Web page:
By the late 1980s, advances in neuroimaging, brain mapping, and the science of artificial intelligence (AI) caused a new generation of researchers to investigate human consciousness. Recently, new discoveries in human brain neuroplasticity have further stimulated consciousness research. Very recently, neuroscientists have begun to examine Buddhist Meditation techniques with respect to their affect on neuroplasticity. The end result of all these new discoveries is that the quantity of research papers in the consciousness field has enormously increased. Since the mid-1990s, major universities began to offer reasonably well defined consciousness studies programs. Professional journals and societies have been created and academic conferences devoted to consciousness studies are now being held on a regular basis. In the United States, the most important are the conferences hosted by the Center for Consciousness at the University of Arizona in Tucson. These conferences have been held bi-annually since 1994 with the ninth conference scheduled for 13-17 April 2010.
Main Purpose of this Web Site
The noted neuroscientist, Antonio Damasio, in Chapter 1 of his book entitled The Feeling of What Happens (Published 1999) makes the following statement:
The traditional worlds of philosophy and psychology have gradually joined forces with the world of biology and created an odd but productive alliance. For example, by means of the loose federation of scientific approaches currently known as cognitive neuroscience, the alliance has permitted new advances in the understanding of vision, memory and language. There is good reason to expect that the alliance will assist with the understanding of consciousness as well.
Consistent with the above, I have undertaken a self-imposed project involving the identification and discussion of some of the ideas of several important philosophers, psychologists and scientists (four people for each field) concerning both human and machine consciousness. Most of the individuals selected have performed their most important work within the last twenty years. The 12 individuals discussed are listed in the following table:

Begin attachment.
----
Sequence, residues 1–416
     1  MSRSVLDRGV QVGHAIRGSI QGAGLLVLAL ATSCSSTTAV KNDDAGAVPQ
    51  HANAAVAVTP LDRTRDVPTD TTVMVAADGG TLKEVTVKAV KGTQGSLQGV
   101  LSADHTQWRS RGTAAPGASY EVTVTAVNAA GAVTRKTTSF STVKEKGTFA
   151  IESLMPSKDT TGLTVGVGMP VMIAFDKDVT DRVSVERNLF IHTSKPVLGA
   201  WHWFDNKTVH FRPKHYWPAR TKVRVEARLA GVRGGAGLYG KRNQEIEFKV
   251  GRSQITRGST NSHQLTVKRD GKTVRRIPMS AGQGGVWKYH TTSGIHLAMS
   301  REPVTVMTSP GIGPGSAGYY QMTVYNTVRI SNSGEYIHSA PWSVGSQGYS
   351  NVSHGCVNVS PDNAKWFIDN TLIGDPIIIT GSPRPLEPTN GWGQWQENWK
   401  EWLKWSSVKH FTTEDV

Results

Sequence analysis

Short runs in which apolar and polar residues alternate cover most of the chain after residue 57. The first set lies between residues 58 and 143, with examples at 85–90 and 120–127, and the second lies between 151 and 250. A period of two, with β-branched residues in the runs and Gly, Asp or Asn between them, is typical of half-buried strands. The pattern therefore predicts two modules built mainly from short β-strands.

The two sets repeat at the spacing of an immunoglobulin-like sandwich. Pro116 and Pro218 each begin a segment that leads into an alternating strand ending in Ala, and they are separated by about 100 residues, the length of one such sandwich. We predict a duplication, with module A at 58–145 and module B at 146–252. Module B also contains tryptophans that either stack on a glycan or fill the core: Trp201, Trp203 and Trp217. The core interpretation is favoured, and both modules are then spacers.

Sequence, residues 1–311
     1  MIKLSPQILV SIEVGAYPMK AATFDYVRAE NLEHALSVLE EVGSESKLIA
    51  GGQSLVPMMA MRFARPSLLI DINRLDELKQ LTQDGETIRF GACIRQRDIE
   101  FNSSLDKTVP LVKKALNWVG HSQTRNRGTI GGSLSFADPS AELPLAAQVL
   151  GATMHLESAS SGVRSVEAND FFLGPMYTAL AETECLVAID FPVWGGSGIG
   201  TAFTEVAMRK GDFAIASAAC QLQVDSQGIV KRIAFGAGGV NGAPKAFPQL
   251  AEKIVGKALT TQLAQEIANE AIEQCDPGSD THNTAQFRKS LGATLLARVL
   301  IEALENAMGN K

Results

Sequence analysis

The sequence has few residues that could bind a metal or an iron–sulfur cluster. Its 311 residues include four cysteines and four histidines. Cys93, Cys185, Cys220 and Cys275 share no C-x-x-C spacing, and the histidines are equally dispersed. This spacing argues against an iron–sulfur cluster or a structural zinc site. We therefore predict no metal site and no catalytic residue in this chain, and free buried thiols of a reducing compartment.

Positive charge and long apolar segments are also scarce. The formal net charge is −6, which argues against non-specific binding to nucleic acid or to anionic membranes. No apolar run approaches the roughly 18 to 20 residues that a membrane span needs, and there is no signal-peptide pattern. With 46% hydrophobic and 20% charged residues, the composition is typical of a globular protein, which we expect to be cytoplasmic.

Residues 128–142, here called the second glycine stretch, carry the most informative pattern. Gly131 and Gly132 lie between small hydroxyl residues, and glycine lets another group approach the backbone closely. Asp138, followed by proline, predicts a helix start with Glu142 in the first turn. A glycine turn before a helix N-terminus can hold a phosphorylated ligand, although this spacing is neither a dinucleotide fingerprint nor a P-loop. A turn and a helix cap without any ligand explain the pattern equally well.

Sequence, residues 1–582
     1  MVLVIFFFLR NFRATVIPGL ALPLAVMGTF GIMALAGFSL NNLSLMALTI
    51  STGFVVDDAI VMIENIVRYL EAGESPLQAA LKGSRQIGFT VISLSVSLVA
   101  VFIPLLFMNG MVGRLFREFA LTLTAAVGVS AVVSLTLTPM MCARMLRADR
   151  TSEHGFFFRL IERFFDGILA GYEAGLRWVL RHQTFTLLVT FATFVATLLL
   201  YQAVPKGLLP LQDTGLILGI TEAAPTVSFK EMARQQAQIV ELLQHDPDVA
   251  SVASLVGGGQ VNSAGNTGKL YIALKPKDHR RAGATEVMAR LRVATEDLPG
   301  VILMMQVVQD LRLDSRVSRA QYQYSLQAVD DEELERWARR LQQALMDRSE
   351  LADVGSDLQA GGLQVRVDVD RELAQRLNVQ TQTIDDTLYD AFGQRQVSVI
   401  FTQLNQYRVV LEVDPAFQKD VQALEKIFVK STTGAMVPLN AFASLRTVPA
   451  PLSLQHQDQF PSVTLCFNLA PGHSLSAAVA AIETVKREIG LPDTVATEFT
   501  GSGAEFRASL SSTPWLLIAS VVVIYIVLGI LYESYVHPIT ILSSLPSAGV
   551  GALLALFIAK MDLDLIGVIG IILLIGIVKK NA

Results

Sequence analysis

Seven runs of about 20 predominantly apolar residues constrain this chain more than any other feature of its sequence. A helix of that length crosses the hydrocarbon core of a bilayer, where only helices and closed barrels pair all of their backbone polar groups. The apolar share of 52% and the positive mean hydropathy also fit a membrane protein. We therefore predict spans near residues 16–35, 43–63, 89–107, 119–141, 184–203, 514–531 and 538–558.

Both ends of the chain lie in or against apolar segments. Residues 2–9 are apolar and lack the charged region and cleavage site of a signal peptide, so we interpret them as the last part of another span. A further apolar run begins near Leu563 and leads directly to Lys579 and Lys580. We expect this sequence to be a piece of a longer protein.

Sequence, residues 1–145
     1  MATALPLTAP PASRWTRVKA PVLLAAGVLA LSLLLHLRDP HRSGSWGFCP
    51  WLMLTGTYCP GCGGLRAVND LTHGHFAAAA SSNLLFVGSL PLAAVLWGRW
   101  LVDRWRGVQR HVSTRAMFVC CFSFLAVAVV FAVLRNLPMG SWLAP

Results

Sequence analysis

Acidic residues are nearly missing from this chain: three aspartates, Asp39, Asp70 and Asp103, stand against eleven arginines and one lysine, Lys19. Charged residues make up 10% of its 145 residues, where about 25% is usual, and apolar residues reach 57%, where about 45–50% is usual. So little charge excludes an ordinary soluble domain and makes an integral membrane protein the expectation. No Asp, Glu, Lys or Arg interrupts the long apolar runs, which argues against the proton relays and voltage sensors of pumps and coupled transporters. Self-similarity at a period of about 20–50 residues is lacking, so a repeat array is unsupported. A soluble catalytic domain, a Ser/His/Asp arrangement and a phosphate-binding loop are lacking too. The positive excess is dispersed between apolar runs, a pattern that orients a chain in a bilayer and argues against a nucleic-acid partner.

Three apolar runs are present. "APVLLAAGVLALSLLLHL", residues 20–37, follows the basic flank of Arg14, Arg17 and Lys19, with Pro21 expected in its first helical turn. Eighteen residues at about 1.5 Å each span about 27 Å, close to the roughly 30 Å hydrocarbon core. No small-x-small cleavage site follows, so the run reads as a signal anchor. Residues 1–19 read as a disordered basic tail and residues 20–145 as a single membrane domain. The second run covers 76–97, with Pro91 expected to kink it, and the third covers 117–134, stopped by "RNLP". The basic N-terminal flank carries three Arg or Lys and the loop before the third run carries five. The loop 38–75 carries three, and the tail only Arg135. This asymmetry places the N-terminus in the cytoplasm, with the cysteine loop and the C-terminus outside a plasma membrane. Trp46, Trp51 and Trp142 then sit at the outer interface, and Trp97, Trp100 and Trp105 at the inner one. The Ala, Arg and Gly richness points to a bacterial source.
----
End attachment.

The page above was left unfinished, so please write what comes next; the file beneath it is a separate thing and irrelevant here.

This project is being accomplished mainly as an intellectual exercise for my own personal amazement and amusement. Even so, the results of these studies are being made available to anyone who may have similar interests via this web site. The essays appended to this site only provide my interpretations of some of the ideas of the individuals cited. In no way should these interpretations be considered to represent a complete summary of all of the ideas of these people. The interpretations are entirely my own and I am solely responsible for any errors, whether objective or subjective, that may be found.
I currently support twenty-four websites. Fifteen sites are related to philosophy and art and nine are related to genealogy and local history. Hyperlinks to these sites are shown below.
Philosophy and Art:
* Sites still under construction
Genealogy and Local History:
CopyrightŠ 2004-2010 by Phil Norfleet
All Rights Reserved. Published in the United States of America. My essays provided at this web site may be reproduced for nonprofit personal or educational use only. However, commercial use of these materials is a violation of United States copyright laws and is strictly prohibited.